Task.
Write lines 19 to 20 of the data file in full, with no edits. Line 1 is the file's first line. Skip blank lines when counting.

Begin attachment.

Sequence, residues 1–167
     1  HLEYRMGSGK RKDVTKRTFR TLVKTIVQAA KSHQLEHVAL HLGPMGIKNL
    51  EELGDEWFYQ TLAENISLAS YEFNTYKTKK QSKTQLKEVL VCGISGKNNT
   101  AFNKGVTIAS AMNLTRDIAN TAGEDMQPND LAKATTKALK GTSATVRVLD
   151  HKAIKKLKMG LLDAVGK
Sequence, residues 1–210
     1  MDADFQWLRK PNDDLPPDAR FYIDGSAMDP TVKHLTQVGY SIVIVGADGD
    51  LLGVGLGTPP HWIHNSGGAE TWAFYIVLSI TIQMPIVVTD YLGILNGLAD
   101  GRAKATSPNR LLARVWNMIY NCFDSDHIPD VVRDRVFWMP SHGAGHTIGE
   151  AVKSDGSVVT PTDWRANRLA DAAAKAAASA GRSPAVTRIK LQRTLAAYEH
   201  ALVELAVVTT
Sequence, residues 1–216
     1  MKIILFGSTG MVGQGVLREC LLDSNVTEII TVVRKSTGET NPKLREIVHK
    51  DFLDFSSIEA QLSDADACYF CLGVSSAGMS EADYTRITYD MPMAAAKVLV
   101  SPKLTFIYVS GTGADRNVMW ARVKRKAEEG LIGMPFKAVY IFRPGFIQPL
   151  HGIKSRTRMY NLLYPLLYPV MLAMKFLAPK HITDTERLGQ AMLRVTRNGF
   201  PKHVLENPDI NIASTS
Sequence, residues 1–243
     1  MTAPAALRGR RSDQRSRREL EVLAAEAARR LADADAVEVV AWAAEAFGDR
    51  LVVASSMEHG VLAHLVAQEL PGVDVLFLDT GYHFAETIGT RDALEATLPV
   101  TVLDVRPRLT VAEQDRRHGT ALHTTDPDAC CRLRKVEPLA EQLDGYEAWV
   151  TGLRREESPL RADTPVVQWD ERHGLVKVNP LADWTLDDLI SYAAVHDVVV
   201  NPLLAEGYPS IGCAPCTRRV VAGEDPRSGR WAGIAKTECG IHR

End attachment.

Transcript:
     1  MTAPAALRGR RSDQRSRREL EVLAAEAARR LADADAVEVV AWAAEAFGDR
    51  LVVASSMEHG VLAHLVAQEL PGVDVLFLDT GYHFAETIGT RDALEATLPV